Brought to you by Irvine Clinical Research
By Dr. Dung Trinh

It rained today. It rained all last night. I enjoyed the sound of rain so much that I actually pulled it into my dream last night. In my dream, I was on the rooftop of a parking structure – enjoying the rain and soaking it all in. Jenny, my wife, was there as well. The rain flooded the structure and we were wading into knee-high water, but it didn’t matter – because it was raining. The raindrops were to be celebrated. Perhaps this drought made us aware of the treasure that is the rain. Perhaps it’s the positive memories I had with my children during the rainy seasons when they were younger. When the kids were young –Jonathan was around nine years old and Lizzy around five– rain brought excitement. The bigger the rainstorm the more we were excited. Why? It was our opportunity to create paper boats! An opportunity to show off our skills and let our boats float along the street’s gutter in a boat race between the three of us! Jonathan’s boat was usually very sleek and fast. My boat – well it was just “OK” – it’s the same paper boat I’ve been making since I was five years old in Vietnam. I made my same paper boats when it was raining in Vietnam, actually – flooding for weeks in Vietnam, and watching the paper boats float in the flood. Lizzy’s paper boat – well, those were in trouble but hey not too bad for a 5-year-old!  I remembered those exciting moments of doing the “Count down” before the three boats were let loose along the gutter of the street. “5, 4, 3, 2, and…..1 !!!” The paper boats were let loose and floated along the side of the street with the fast rushing waters while the rain was soaking down on the 3 of us. We ran along the sidewalk, following our paper boats as they rushed and what seemed like a paper boat Olympic race competition. We loudly cheered our boats on! And when one of the boats got snagged in a small pile of tree branches or a rock – it was like the world was crashing on the owner of that boat, while the others cheered on their potential to win in the paper boat race!


I replayed this positive memory today as it rained. Jonathan is 24 now and Lizzy is 20 years old. That was literally 15 years ago, and I replayed this memory as if it occurred last night. I enjoy this memory so much. I’ve asked myself – what would I trade for this memory? How much is this precious memory with my children worth? Would I give up a memory like this for money? Or gold? For Bitcoins?


A precious memory of a paper boat race in the rain with my kids when they are young toddlers – wow. I would never trade this precious memory for the world. Nothing can replace a precious memory that we have with our loved ones!

Because the truth is – when we are at the end of our lives – the only thing we have left are our memories. Those precious memories are stored up like money in a retirement account. Those precious memories of our loved ones, our childhood, our siblings, our parents, the tough and rough times in our lives, our “big life memories” such as our first date, our first kiss, a wedding, a high school graduation, landing that first job or a big promotion at work.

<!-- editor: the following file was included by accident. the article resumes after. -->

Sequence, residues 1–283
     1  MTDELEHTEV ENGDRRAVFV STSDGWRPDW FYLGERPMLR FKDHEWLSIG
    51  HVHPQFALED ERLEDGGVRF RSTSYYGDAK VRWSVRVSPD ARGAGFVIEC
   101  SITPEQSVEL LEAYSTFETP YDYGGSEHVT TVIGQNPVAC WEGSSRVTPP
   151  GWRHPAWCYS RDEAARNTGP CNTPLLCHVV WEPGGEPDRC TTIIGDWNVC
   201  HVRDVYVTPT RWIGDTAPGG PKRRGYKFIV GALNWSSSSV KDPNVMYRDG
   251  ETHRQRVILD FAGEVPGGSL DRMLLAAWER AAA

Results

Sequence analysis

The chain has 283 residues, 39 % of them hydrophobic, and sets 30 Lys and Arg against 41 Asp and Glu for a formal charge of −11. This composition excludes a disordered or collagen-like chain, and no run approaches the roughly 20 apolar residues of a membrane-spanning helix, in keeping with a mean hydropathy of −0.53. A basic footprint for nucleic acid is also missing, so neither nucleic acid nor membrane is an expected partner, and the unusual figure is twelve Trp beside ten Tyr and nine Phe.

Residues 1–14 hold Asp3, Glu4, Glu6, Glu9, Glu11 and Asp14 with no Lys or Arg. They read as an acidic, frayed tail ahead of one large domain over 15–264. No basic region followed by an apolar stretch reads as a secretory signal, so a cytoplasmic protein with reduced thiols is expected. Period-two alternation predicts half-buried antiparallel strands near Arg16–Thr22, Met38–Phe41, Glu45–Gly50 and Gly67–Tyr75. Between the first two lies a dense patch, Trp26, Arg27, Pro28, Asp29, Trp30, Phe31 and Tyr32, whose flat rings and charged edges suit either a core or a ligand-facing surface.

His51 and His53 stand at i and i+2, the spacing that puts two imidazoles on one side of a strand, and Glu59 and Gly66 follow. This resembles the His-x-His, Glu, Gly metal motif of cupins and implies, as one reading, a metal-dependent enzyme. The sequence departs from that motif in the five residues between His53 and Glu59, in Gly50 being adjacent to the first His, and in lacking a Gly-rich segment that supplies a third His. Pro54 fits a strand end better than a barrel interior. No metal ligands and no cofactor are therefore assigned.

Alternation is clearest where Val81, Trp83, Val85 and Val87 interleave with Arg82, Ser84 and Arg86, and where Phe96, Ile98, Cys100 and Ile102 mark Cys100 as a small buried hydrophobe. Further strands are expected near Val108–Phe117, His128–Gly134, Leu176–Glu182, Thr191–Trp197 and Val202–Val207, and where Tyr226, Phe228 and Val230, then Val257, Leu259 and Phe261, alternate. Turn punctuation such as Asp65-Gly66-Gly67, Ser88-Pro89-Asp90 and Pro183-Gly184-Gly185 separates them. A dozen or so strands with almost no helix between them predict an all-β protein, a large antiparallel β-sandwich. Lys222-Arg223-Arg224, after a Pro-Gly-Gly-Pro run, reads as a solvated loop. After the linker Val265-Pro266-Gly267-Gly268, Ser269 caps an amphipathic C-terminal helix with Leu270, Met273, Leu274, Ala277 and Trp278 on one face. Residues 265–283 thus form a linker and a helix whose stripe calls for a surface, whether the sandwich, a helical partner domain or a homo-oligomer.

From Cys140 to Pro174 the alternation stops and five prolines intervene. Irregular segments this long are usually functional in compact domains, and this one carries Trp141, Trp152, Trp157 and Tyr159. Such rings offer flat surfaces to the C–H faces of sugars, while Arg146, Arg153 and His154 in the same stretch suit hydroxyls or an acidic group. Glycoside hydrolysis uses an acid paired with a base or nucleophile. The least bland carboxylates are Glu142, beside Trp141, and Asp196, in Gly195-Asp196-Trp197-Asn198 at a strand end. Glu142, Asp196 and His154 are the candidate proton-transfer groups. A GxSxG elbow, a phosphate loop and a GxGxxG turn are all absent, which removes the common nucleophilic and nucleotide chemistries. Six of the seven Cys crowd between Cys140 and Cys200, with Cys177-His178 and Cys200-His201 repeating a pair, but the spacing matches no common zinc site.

That is all we have left at the twilight of our lives: our memories.

Unfortunately, there exist a “memory thief.”  It’s called Alzheimer’s disease. This thief steals the only thing we have left that’s precious at the end of our life – our memories. This thief steals our life from us – every experience we have gone through, the highlights and lowlights of our lives. The love we have experienced, the hands we have held, the hugs we gave and given to us.

This thief is responsible for the number three cause of death in Orange County.

We at Alzheimer’s Orange County have a mission. We are suited up, armored up, to fight a war against the Memory Thief.  The battle wages as victims of memory loss and their families show up at our doorstep. When mothers, fathers and grandparents come to us wounded – robbed of their precious memories, we offer support groups, one-on-one “Care Sessions”, educational classes to assist with their journey, to bandage the wounds, to strengthen their mind, and if needed, to carry their stretcher at the end of their journey. We exist to do what we can, to fight this fight to preserve the most precious “asset” we all have: our memories.

Do not travel the road of Alzheimer’s alone. Do not fight the battle alone. Alzheimer’s Orange County is here. We have resources. We have specialized skill sets and are trained to help you and your family through the journey of Alzheimer’s and related dementia. We are your “battle-hardened army” standing by you to do what we can, do what we must, to preserve the memories of your loved ones and ours.

Personally, I am fighting to preserve my memory of the “paper boat race” with Jonathan and Lizzy. And at Alzheimer’s Orange County, we want to preserve the memories of your own version of the “paper boat race” with your families.

Dung Trinh, MD

A foot soldier of Alzheimer’s Orange County


About Dr. Dung Trinh

dr-trinhDung Trinh, MD is the Chief Medical Officer of Irvine Clinical Research and Astiva Health, a former Board Member for Alzheimer’s Orange County, a physician with Memorial Care and a medical missionary with TongueOut Medical Missions. He is a keynote speaker, best-selling author, and health educator who speaks throughout Orange County on various preventive health topics.


 About Irvine Clinical Research

Irvine Clinical Research (ICR) is an independent research center in Orange County that studies how well investigational medicines can prevent or treat illnesses. All study-related services and study medications are available at no cost. ICR delivers clinical research opportunities and solutions to participants and sponsors and offers all study-related medical care and medications at no cost to qualified participants. Learn more at